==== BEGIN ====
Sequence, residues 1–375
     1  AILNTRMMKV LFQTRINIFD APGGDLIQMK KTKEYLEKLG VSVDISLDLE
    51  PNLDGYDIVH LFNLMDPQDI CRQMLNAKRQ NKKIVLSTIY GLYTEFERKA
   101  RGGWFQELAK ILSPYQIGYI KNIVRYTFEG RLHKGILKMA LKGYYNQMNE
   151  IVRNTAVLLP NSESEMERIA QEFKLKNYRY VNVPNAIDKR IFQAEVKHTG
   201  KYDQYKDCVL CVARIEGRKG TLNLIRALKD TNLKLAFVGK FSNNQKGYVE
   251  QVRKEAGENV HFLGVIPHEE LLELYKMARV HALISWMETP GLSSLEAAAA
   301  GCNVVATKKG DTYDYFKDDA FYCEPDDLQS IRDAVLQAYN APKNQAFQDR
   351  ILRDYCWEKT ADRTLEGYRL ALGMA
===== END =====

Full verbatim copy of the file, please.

Sequence, residues 1–375
     1  AILNTRMMKV LFQTRINIFD APGGDLIQMK KTKEYLEKLG VSVDISLDLE
    51  PNLDGYDIVH LFNLMDPQDI CRQMLNAKRQ NKKIVLSTIY GLYTEFERKA
   101  RGGWFQELAK ILSPYQIGYI KNIVRYTFEG RLHKGILKMA LKGYYNQMNE
   151  IVRNTAVLLP NSESEMERIA QEFKLKNYRY VNVPNAIDKR IFQAEVKHTG
   201  KYDQYKDCVL CVARIEGRKG TLNLIRALKD TNLKLAFVGK FSNNQKGYVE
   251  QVRKEAGENV HFLGVIPHEE LLELYKMARV HALISWMETP GLSSLEAAAA
   301  GCNVVATKKG DTYDYFKDDA FYCEPDDLQS IRDAVLQAYN APKNQAFQDR
   351  ILRDYCWEKT ADRTLEGYRL ALGMA